Eh. We on this Message Board know better, because we prize what is unreasonable—about the Spyder, the Speedster, and a lot of other automotive things.

For most potential sports car buyers, the rawness some of us crave (and work like hell to ameliorate) is all minus. Nice leather seats, a good-fitting top, climate and cruise control are all major plusses—as is the modern FI, electronically-controlled engine. All that in a unique package with a nostalgic look could be a big win for some buyers. Not at $250,000, but at $30k, or even $50k.

I'm not the Starke's target market, and I won't be bidding. But I won't be disparaging it, here or in the auction. I think it's cool, and I hope someone picks it up for a fair price and drives it a lot. Which would be a lot more than a lot of Porsche owners drive their 356s—and more than most of us drive our fake clown cars.

Last edited by edsnova
@edsnova posted:

Oh, Stan... "Diamond Dan" was right there

It was, but remember: I'm the slow kid in this class.

I don't really know why this thing repulses me like it does, but I think it has everything to do with the snotty pretense of its rollout here some years ago.

Firstly: it's not a handsome automobile. It's 5/3 scale and lumpy in all the wrong places. Secondly: its raison d'etre is the Porsche VIN, something that I could not possibly care less about. Thirdly: the pretense is that this is somehow worth 170 large PLUS a decent 986/987. This really rankles my egalitarian "everyman" sensibilities. I get hives around pretentious people who think they are the Übermensch because of what they can buy (rather than what they can do). The utility of a thing has to at least be in the ballpark of its cost or the reason for its being should be called into question. The disconnect here is off the chain.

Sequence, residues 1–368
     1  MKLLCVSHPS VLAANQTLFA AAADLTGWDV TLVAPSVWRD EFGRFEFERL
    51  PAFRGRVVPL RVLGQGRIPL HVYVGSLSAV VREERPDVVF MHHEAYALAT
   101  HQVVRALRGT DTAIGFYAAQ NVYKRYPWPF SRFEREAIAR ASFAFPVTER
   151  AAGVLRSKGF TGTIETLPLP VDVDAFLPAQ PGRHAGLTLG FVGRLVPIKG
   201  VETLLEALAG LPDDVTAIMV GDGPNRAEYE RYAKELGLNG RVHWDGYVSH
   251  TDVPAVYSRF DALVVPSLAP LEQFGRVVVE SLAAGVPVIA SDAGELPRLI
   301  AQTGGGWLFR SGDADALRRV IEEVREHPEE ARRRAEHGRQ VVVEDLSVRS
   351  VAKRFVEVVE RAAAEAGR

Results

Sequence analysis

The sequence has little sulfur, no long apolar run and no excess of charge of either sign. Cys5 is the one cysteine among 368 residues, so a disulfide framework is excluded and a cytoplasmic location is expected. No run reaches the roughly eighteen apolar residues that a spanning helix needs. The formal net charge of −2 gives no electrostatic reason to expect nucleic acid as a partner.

To take the thing even further, I really hate the "continuation" type ads that Porsche (and Dodge, etc.) runs -- the kind Ed linked. You know, the one where the current 4000 lb hybrid/electric pig with self-centering steering, torque-vectoring, near-self-driving "sports vehicle" is linked to the iconic purebred of decades gone by, and how the new car is just an evolution of that, rather than something completely different. Stärke aims directly for that nonsense.

I've got nothing against a new Boxster or Cayman or 911, but they have almost no engineering-based link to the 356. A Camaro or Mustang is still a pushrod V8 with a front engine, RWD platform. A 911 is still a rear-engine Flat-6. A mid-engine car with an OHC water-cooled flat-6 has no discernable link to an air-cooled, rear-engine, push-rod flat-4... other than the VIN and nameplate.

Given that I think the car looks like something a high-school kid sketched in study hall, that's nowhere near enough for me.

Last edited by Stan Galat
@Stan Galat posted:

I don't really know why this thing repulses me like it does, but I think it has everything to do with the snotty pretense of its rollout here some years ago.

Firstly: it's not a handsome automobile. It's 5/3 scale and lumpy in all the wrong places. Secondly: its raison d'etre is the Porsche VIN, something that I could not possibly care less about. Thirdly: the pretense is that this is somehow worth 170 large PLUS a decent 986/987. This really rankles my egalitarian "everyman" sensibilities. I get hives around pretentious people who think they are the Übermensch because of what they can buy (rather than what they can do).

To take the thing even further, I really hate the "continuation" type ads that Porsche (and Dodge, etc.) runs -- the kind Ed linked. You know, the one where the current 4000 lb hybrid/electric pig with self-centering steering, torque-vectoring, near-self-driving "sports vehicle" is linked to the iconic purebred of decades gone by, and how the new car is just an evolution of that, rather than something completely different. Stärke aims directly for that nonsense.



@edsnova posted: